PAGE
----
Mitt Romney & the Unequal Playing Field
The most baffling people to me are those online commenters who parrot the GOP party line about “less government, lower taxes.” Unless they are multi-multi-millionaires (and those guys probably aren’t in online forums spewing blatantly misinformed crap about President Obama’s “higher taxes, more spending”), it’s mystifying why they would think for even a fleeting moment about voting for Mitt Romney. Romney has made it clear that not only would he destroy their livelihoods and economic security without a second thought, but that he doesn’t even really get why this would be a problem.
Case in point: Romney’s appearance this week at Otterbein college in Westerville, Ohio (Is it a coincidence that he spoke at a college in Governor Kasich’s upscale hometown? I suspect not). Romney said many things to a hilariously bored audience of college students (look at the video and chuckle at the stupefied faces — nothing like the excitement Josh “The Empty Suit” Mandel showed when Al Gore spoke at Ohio State University in 2000!). But nothing he said demonstrated that he lives in a different world from most of us than this:
This kind of devisiveness, this attack of success, is very different than what we’ve seen in our country’s history. We’ve always encouraged young people: Take a shot, go for it, take a risk, get the education, borrow money if you have to from your parents, start a business.
How many levels of self-delusion are there in that statement? I mean, forget even his flogging of the lie that there is an “attack of success” that is “very different from what we’ve seen in our country’s history.” That’s just flat-out cynical.
But “borrow money if you have to from your parents”?
OK, I’m sure there are a few kids at Otterbein whose parents are rich and can set them up in business. But I’ll bet there are even more who struggled to have contribute all they can to the nearly $40,000-a-year cost for their kid to attend Otterbein so that when he or she heads to New York to try to break into the theater (Otterbein has one of the top musical theater departments in the country), he or she is saddled with as little debt as possible.
Today, with the cost of college and health care in particular, few middle-class families have disposable cash to invest in their children’s business once they’ve invested in their education. And Romney’s policies would cost those people even more — since those policies relentlessly favor those who have already made it to the top rung and stomp on the hands on the people trying to pull themselves up.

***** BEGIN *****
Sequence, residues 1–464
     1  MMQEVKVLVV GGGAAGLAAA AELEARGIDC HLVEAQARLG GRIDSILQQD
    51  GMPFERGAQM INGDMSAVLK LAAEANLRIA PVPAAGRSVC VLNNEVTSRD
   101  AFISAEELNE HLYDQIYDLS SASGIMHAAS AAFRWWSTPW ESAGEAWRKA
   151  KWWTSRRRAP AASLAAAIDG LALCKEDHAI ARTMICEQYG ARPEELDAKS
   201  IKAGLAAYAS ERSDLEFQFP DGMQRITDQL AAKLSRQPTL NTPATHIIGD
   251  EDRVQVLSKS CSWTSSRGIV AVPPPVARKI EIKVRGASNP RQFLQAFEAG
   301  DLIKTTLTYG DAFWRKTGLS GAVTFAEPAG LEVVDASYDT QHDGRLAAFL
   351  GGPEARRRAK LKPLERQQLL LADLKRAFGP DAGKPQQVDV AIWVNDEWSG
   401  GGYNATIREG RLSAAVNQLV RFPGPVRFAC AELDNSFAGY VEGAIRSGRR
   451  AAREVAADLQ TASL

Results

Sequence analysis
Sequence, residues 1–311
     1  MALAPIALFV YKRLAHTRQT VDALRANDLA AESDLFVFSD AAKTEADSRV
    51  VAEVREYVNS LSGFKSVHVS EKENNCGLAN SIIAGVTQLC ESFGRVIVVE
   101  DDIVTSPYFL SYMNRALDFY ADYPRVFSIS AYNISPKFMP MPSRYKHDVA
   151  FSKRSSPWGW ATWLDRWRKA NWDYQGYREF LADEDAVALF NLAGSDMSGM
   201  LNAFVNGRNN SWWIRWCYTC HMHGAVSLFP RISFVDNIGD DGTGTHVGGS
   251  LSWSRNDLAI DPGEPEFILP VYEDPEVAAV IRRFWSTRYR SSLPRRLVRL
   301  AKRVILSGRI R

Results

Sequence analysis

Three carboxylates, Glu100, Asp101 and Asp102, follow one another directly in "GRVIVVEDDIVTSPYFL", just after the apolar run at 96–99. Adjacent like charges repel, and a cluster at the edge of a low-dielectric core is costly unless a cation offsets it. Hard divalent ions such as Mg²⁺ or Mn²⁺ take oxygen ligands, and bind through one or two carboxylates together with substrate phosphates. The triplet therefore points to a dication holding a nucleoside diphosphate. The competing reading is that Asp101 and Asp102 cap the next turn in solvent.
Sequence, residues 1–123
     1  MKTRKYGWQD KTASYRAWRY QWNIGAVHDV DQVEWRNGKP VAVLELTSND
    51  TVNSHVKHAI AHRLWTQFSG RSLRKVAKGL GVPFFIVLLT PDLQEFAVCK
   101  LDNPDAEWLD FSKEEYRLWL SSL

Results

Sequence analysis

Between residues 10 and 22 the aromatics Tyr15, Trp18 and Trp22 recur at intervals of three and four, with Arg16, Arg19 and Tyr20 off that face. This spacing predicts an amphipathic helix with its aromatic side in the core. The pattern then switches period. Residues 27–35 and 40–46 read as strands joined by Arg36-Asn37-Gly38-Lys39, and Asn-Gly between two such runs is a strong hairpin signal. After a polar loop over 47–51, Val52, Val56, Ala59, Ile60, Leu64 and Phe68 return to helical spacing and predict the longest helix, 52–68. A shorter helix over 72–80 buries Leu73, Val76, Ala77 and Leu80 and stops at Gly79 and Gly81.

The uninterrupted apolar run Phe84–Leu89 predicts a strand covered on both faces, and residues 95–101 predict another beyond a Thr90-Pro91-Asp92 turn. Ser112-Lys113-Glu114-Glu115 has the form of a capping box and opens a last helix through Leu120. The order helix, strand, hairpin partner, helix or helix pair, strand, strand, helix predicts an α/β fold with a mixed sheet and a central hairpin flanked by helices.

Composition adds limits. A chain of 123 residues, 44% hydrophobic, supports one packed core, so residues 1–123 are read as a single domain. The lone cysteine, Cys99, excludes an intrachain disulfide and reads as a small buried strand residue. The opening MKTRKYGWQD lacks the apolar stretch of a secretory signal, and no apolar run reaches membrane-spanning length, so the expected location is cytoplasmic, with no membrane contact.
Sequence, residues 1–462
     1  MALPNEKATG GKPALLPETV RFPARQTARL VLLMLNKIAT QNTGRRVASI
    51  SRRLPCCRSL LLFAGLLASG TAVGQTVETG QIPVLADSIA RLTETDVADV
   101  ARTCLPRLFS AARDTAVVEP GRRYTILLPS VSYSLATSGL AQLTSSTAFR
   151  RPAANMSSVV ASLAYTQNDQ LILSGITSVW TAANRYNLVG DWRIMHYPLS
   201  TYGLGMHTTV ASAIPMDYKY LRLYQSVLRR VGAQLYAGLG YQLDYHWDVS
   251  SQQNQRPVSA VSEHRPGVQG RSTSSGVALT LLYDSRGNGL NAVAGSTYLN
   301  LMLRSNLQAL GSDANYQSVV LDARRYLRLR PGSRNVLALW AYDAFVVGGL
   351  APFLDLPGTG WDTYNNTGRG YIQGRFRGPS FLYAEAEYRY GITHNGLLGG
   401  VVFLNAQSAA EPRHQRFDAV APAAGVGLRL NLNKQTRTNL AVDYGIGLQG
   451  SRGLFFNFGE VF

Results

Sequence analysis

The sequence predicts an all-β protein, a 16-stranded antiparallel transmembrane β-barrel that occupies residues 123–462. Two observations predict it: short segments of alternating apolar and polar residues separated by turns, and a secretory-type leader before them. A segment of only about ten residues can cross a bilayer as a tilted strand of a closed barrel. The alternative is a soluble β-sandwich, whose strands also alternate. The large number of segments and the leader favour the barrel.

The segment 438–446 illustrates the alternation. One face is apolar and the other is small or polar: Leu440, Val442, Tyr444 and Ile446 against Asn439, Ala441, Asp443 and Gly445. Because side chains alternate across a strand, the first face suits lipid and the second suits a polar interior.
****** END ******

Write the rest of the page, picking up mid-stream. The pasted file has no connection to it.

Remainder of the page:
But it’s understandable why Mitt Romney would see “borrowing from your parents” as a viable option. Not only did an accident of birth give him everything he needed to become fabulously wealthy, he’s passing it on to the next over-privileged generation:
Solamere Capital, an investment company set up by Mitt’s son Tagg Romney and Romney campaign finance chair Spencer Zwick, directs investments for Mitt’s most active political donors. The firm, founded in 2008, received a $10 million seed investment from Mitt Romney himself.
Now, let’s say you’re a super-bright kid who got into Harvard without having a parent who went there, like the fortunate Tagg. And you’re setting up an investment company. Do you honestly think your company is competing on a level playing field with Tagg’s parent-financed company with its ready base of clients provided by that same parent?
The composition of investors to Solamere Capital allows top donors to Romney’s presidential bid to directly contribute to a Romney family business enterprise. Tagg and his two partners, according to documents filed with the SEC, stand to make $16.8 million in management fees while running the fund.
And it goes on and on.
Lucky Tagg. But the problem isn’t that Tagg is lucky by birth or that he’s become successful due to his father’s contacts (although I do have an issue with the obvious horse-trading of potential government influence on policy which would affect us all) or rich because his father has millions to jumpstart his business.
The problem is that Mitt Romney wants to become President with no apparent understanding of what a head start he had in life and what a huge competitive advantage he’s giving his sons. He seems to believe that any college student can borrow a large enough chunk of money from their parents to launch their career. I wonder if he even thinks what this is saying about opportunities (not) open to kids from poor families?
Obviously, since he believes — or says he believes — there’s an “attack of success,” he simply doesn’t know or care that Republican policies of protecting existing wealth while gutting support for those trying to get ahead are slamming doors in the faces of more and more people. It’s not because they’re not as bright or educated or hard-working as Mitt or Tagg. It’s because they weren’t born as lucky. For once, I would like to hear Romney acknowledge that. He’s a horrible choice for President not because he is rich but because he will not acknowledge the accident factors that contributed to his success.
“Divisiveness”? Look in the mirror, Mitt.